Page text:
“We need to figure out how we can set reasonable standards for those who can contribute,” Macri said, “and not harm those who can’t.”
Negotiations would take place out of court, perhaps in a mediation setting, and would be aimed at reaching a sustainable arrangement that could be included in a new lease agreement or other resolution.
“We want to preserve our housing inventory and we want to preserve tenancy,” said Kuderer, “especially for those who are at most risk of falling into homelessness.”
Equity will be a top priority throughout the process, supporters said. “I think it’s important to prioritize, on the landlord side, the small mom and pops,” Kuderer said. “On the renter side, I think we need to prioritize those who are low-income, very low-income, or undocumented folks that are frozen out of federal government programs. They are going to be most at risk of falling into homelessness, and the last thing that we want in the middle of a pandemic is to have more people on the streets.”
Perhaps the most controversial element of the plan is its effort to tackle the housing market’s profit margin. In tight economic times, Macri and others said, the system needs to put less emphasis on protecting landlords’ profit and more on putting housing first.
“The price of rent isn’t necessarily correlated to the cost of providing housing,” Macri explained. “There’s profit built into the system, and in an emergency like this, we need to minimize the amount of resources that are going toward making profit. Because when resources are going to make a profit, it means that those who are most vulnerable in their ability to pay are the most likely to be harmed.”
For now, lawmakers and housing advocates say that anyone having difficulty paying rent should seek help from a counselor before they sign any agreements with their landlord.
“People should know exactly what their rights are and get in touch with a counselor for advice,” said Thomas at the Washington Low Income Housing Alliance. A state provision, for example, now requires landlords to negotiate reasonable payment plans with tenants unable to pay overdue rent. “You do not have to agree to start paying before you have income,” Thomas said.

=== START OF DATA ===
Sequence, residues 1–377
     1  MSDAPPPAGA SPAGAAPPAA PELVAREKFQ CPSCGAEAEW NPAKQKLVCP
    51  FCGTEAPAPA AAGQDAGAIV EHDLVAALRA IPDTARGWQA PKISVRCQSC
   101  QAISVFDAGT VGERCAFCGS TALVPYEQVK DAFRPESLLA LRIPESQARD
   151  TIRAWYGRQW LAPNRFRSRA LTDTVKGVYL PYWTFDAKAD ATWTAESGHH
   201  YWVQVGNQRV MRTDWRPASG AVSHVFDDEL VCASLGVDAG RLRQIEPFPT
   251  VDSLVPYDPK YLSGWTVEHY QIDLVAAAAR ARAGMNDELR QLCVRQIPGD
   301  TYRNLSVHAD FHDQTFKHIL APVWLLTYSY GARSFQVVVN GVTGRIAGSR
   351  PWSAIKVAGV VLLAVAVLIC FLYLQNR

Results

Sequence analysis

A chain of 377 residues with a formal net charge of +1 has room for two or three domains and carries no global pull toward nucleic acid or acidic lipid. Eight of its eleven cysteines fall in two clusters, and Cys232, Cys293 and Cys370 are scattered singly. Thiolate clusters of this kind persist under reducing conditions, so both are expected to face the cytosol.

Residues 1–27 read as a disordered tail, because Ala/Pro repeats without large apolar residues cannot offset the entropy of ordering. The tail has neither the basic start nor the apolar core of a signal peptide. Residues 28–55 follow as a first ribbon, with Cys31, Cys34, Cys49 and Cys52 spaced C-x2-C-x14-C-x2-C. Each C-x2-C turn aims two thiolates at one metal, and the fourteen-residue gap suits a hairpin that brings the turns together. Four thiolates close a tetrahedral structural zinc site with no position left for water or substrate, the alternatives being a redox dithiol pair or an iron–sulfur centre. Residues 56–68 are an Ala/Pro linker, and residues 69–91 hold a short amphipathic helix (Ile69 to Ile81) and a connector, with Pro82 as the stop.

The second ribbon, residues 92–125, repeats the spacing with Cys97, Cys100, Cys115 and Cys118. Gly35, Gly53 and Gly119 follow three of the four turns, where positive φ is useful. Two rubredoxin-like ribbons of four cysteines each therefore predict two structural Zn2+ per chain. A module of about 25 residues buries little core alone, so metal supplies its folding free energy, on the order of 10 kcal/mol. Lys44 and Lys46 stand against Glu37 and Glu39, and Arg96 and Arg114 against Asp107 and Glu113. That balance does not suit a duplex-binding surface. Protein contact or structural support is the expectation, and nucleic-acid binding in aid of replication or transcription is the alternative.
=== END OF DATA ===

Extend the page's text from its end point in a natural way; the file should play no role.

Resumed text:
She also pointed tenants toward support organizations including the Tenants Union of Washington State, Solid Ground, the Northwest Justice Project’s CLEAR hotline, and others. The city of Seattle also has a website with additional resources for renters.
While the severity and scale of the economic downturn can be daunting, Thomas feels optimistic. With an extended moratorium and more time to put a plan in place for the coming legislative session, she believes it’s possible for the state to avert a full-blown crisis.
In announcing the extended eviction moratorium on Thursday, Inslee also announced the establishment of an “informal working group of landlords and tenants to discuss potential changes to this order in the short-term and the long-term, if an additional extension is needed.”
Inslee said it was imperative that landlords and tenants continue to communicate throughout the pandemic. He urged renters who are able to pay rent to do so, saying the extension is not a rent vacation.
“This is meant to protect renters from falling into homelessness if they are struggling. But it does not give you the right to refuse to pay rent if you have the means to do so,” he said. “I expect landlords and tenants to remain in communication. If you haven’t spoken to them since March, when we first announced this moratorium, it’s imperative that you do.”
Inslee also reminded landlords that his proclamation “does not allow landlords to harass or intimidate tenants” but rather “allows for ways to constructively collaborate on securing payments.” He also noted that tenants can still be evicted for criminal offenses.
Meanwhile, state programs will attempt to blunt COVID-19’s economic impact on household and landlords. Mike Faulk, deputy communications director and press secretary for the governor’s office, said the state Department of Commerce has a rental assistance program in development that will be funded by the federal CARES Act.
The department’s separate landlord mitigation program also can also help renters and landlords with additional state aid. “This program is well-used by landlords and tenants to avoid evictions,” he said. “The governor’s office is working with landlords, tenants and legislators in finding the right balance for a path forward.”
The future remains uncertain for renters, but with a plan coming together and politicians committed to the cause, Thomas has hope. She encouraged renters facing difficulties to reach out to their legislators and share their stories — and to vote.
“Our government’s been way more responsible than other states,” she said. “We have the possibility to do everything that’s needed to prevent people from experiencing homelessness and experiencing crippling debt for years to come.”
Ben Adlin is a Seattle-based journalist.
Featured image: Eviction by Urban Bohemian.